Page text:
County school districts use universal weapons policies

Staff reporter

Much concern has been expressed by parents and patrons regarding two weapons incidents at Marion Middle School.

On April 8, a 14-year-old student brought an unloaded handgun to MMS. In February 2007, four students were accused of being involved when one of the four brought a practice hand grenade to the middle school.

What is the school district's policy? Does it differ from other school districts in the county and area?

It was determined that those school districts that are members of Kansas Association of School Boards (KASB) have similar if not the exact same policies because KASB provides sample policies to member schools.

The five school districts in Marion County and those in the surrounding area are members of KASB and have similar policies.

Paul Getto is the KASB policy specialist.

"Only one weapons policy meets the requirement of the law which is what we (KASB) use," he said.

The law is K.S.A. 72-89b03 which is the state's School Safety and Security Act.

The act requires school boards to adopt a policy that requires "an immediate report be made to the appropriate state or local law enforcement agency by or on behalf of any school employee who knows or has reason to believe that an act has been committed at school, on school property, or at a school-supervised activity, and that the act involved conduct which constitutes the commission of a felony or misdemeanor or which involves the possession, use, or disposal of explosives, firearms, or other weapons."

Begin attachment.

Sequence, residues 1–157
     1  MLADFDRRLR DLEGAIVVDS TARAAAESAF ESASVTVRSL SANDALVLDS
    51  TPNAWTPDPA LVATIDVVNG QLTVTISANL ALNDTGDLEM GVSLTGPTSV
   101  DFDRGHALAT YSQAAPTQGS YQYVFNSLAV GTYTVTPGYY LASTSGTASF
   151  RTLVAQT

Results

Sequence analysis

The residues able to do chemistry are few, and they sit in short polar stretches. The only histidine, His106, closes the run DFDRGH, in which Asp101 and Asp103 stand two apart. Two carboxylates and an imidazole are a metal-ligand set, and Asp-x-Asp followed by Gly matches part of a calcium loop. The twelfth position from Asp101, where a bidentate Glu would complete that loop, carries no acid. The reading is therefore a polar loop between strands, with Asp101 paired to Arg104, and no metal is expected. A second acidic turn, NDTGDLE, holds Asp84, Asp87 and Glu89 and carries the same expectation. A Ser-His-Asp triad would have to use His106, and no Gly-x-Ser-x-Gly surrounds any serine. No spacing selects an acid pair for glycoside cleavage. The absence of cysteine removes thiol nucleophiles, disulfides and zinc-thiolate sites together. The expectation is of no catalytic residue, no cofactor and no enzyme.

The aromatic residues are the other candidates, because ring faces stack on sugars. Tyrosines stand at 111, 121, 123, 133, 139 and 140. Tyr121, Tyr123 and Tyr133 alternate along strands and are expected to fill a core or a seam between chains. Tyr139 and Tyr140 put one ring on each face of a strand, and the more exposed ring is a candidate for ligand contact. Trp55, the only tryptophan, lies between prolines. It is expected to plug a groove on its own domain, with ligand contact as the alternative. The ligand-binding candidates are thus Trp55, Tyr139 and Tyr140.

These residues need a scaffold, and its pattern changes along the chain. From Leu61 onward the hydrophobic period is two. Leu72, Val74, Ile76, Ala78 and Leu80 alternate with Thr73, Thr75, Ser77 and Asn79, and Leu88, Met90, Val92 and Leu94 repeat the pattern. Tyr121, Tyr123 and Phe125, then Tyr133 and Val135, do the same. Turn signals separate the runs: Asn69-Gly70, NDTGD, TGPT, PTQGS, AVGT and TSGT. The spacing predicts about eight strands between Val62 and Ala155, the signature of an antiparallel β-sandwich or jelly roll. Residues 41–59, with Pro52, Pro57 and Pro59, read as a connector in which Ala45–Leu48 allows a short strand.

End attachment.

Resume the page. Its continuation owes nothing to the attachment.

KASB recommends a one-year expulsion as penalty for possession of a firearm or other weapons except the superintendent may recommend the expulsion requirement be modified on a case-by-case basis.

KASB also provides a policy where suspension or expulsion can be deferred and the student be placed on probation for a set period of time.

Weapons are described as but not limited to:

— Any item being used as a weapon or destructive device.

— A facsimile of a weapon.

— Any weapon which will or is designed to or may readily be converted to expel a projectile by the action of an explosive.

— The frame or receiver of any weapon described as any firearm muffler or firearm silencer.

— Any explosive, incendiary or poison gas, bomb, grenade, rocket having a propellant charge of more than four ounces, missile having an explosive or incendiary charge of more then 1/4 ounce, mine, or similar device.

— Any weapon which will, or which may be readily converted to, expel a projectile by the action of an explosive or other propellant, and which has any barrel with a bore of more than 1/2 inch in diameter.

— Any bludgeon, sand club, metal knuckles, or throwing star.

— Any knife commonly referred to as a switchblade which has a blade that opens automatically by hand pressure applied to a button, spring, or other device in the handle.

— Any electronic device designed to discharge immobilizing levels of electricity, commonly known as a stun gun.

As with most issues associated with students, school officials are limited in providing specific information about students because of privacy laws.